Doctors to prescribe music therapy for depression
The prevalence of depression is rising worldwide by leaps and bounds. According to the World Health Organisation, globally, more than 264 million people of all ages suffer from depression.
People with this most common mental health condition feel sad, tired, lack interest or pleasure, have low self-worth, poor sleep pattern or lose appetite, and low concentration. Depression may soon become the leading cause of disability.
Researchers and scientists say that music therapy helps ease anxiety and improve functioning in individuals with depression.
Evidence-based music therapy for mental health
Jaakko Erkkilä along with two other researchers compared the differences in outcomes when patients with depression were provided only standard care and music therapy.
The results were published online by Cambridge University Press. Those who received music therapy plus standard care showed significant improvement in depressive symptoms than those receiving only standard care.
A study published in the Journal of the Arts in Psychotherapy explored the lived experiences of people with long-term depression involved in group music therapy. In the interview by music therapist, psychologist, and researcher; the participants described that music and songwriting in a group made them feel safe and happy.
Music motivated them to join creative community groups. Creating new lyrics helped them enjoy and express their difficult feelings into words.
Another study published in the Journal of Anesthesiology Research and Practice investigated the effect of listening to music before and after gynecological surgeries.
The music was tailored to the needs of patients. The researcher gave each participant, Apple iPod Touch™ devices and noise-canceling earphones. The device contained a playlist of selected music genres.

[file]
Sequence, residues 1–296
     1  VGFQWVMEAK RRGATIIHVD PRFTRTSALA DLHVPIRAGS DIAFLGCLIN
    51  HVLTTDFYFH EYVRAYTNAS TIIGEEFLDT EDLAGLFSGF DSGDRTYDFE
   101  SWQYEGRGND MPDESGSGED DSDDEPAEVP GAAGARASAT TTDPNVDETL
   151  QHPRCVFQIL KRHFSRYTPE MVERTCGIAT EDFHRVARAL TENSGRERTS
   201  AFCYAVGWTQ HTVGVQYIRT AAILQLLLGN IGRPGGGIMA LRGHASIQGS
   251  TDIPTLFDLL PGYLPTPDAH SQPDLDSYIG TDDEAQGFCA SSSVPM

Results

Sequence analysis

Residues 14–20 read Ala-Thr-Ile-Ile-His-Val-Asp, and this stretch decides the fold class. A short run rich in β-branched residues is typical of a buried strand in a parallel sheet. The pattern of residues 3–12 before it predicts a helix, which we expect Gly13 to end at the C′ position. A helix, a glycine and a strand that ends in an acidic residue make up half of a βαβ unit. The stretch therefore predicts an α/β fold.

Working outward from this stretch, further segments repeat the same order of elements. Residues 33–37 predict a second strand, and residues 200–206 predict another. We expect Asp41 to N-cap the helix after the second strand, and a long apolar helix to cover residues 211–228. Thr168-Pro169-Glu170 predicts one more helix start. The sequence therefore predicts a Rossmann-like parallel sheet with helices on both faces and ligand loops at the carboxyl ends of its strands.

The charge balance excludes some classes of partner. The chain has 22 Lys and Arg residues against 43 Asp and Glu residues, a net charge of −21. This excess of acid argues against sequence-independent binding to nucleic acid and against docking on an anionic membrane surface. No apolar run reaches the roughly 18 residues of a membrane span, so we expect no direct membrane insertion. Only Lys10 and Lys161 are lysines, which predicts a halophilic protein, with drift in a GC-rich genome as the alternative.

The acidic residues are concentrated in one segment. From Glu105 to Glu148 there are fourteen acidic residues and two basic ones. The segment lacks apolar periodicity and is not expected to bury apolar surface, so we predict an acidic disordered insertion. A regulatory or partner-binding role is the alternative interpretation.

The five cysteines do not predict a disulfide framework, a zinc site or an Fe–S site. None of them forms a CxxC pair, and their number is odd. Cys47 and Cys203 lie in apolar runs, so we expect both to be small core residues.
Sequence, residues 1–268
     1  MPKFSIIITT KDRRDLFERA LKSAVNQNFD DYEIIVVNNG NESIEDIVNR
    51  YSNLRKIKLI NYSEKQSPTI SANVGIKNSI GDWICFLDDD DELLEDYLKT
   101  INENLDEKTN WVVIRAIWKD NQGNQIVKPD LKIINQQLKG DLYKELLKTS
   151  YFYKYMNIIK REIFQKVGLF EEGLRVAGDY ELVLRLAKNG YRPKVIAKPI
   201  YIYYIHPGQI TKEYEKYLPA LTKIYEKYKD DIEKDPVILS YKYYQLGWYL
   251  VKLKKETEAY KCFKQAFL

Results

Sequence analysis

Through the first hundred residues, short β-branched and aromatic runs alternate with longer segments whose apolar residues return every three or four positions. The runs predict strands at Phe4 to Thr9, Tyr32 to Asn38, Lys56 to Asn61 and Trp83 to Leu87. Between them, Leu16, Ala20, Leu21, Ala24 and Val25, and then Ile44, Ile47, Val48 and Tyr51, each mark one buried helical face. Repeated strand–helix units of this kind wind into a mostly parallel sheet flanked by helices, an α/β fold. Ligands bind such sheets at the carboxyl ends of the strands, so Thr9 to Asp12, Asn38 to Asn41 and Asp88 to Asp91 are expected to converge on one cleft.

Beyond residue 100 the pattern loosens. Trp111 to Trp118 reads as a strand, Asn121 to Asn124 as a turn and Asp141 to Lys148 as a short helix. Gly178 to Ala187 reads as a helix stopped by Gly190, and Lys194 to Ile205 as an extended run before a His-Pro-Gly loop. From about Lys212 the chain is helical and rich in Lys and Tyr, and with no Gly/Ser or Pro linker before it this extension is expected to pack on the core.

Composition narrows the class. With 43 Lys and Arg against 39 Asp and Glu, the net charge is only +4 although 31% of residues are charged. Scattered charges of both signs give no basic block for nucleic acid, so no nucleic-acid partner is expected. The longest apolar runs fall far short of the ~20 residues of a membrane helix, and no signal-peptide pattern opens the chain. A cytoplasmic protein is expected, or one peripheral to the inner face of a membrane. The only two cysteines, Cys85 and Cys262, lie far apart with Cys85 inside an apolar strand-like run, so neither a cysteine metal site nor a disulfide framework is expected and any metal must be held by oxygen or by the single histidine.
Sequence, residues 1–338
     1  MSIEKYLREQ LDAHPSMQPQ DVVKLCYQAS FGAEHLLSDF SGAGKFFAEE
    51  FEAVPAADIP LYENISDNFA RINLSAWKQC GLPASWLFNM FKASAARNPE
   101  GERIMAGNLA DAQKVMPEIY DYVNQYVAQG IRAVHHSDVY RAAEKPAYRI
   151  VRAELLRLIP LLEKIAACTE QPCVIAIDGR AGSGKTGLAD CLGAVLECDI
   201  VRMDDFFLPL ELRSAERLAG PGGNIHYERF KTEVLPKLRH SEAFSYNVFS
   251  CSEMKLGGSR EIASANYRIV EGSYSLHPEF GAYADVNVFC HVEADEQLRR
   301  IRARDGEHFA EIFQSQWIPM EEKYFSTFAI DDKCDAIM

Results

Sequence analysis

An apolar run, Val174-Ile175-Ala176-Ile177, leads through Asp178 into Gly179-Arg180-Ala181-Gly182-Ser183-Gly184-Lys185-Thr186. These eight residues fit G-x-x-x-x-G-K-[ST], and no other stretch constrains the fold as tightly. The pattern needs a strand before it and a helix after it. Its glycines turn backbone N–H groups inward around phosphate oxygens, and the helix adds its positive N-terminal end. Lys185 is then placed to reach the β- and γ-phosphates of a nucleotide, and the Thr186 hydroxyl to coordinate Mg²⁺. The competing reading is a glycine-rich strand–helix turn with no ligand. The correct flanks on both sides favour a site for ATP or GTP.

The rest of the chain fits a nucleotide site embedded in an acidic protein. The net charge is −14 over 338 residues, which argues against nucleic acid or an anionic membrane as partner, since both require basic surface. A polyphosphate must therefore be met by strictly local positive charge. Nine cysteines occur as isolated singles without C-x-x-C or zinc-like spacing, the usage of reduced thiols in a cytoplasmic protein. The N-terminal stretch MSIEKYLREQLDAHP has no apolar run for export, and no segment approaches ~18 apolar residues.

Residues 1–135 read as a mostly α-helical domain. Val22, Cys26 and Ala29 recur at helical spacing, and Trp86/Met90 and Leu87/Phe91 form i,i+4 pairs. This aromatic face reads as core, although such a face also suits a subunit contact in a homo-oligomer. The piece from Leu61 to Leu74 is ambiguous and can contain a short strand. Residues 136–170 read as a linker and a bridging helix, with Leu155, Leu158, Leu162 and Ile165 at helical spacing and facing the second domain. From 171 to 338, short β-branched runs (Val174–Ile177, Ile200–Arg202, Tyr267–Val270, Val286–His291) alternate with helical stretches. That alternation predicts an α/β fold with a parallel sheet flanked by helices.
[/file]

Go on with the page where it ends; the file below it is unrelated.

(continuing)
As per patient satisfaction surveys and analytical tests, patients in both groups (before and after surgery) were satisfied with music listening. The results showed lower anxiety and depression in patients.
There are several other studies supporting music therapy for depression. The American Music Therapy Association (AMTA) lists the research articles on their Mental Health page. Findings from these studies hold across a variety of countries, settings, types of patients and kinds of music therapy.
Summarising these results, the benefits of music as therapy for depression are –
- Decrease in anxiety and stress
- Lower muscle tension
- Improvement in self-esteem
- Increase in motivation
- Enhancement in interpersonal relationships
- Feeling safe and happy
- Successful and safe emotional release
After a series of experiments, researchers are sure that music acts as a powerful balm on a depressed mind.
But how does music therapy work?
Mike Crawford, the professor of Mental Health Research examined the possible mechanism of music intervention on this mental health issue.
His editorial in The British Journal of Psychiatry highlighted that music gives the listener a sense of pleasure and meaningfulness. Such experience drives the body, lets people communicate, talk to others and get moving. Music averts depression in passive people hardwired to be social.
In short, using music as a therapy for depression provides patients with opportunities for physical, relational and aesthetic experiences.
Dr. Gjin Ndrepepa (researcher at Technical University in Munich, Germany) added that music therapy activates certain brain regions that are involved in regulating our emotions. Modern brain imaging studies support this effect. However, joyful and sad music can impact the brain differently, she mentioned.
The common thing in most music therapies and researches is that a therapist uses music to heal the social, physical, emotional pain of a person. Within a therapeutic context, the music empowers a person to express inner feelings in a non-verbal way.
The combination of melody, rhythm, beat, and harmony stimulates the senses of an individual and triggers the calming effect.
Listening to music boost the level of dopamine, the feel-good hormone in our body. According to the research article published in the Proceedings of the National Academy of Sciences, dopamine controls musical responses and brings about the musical-reward experience in the person.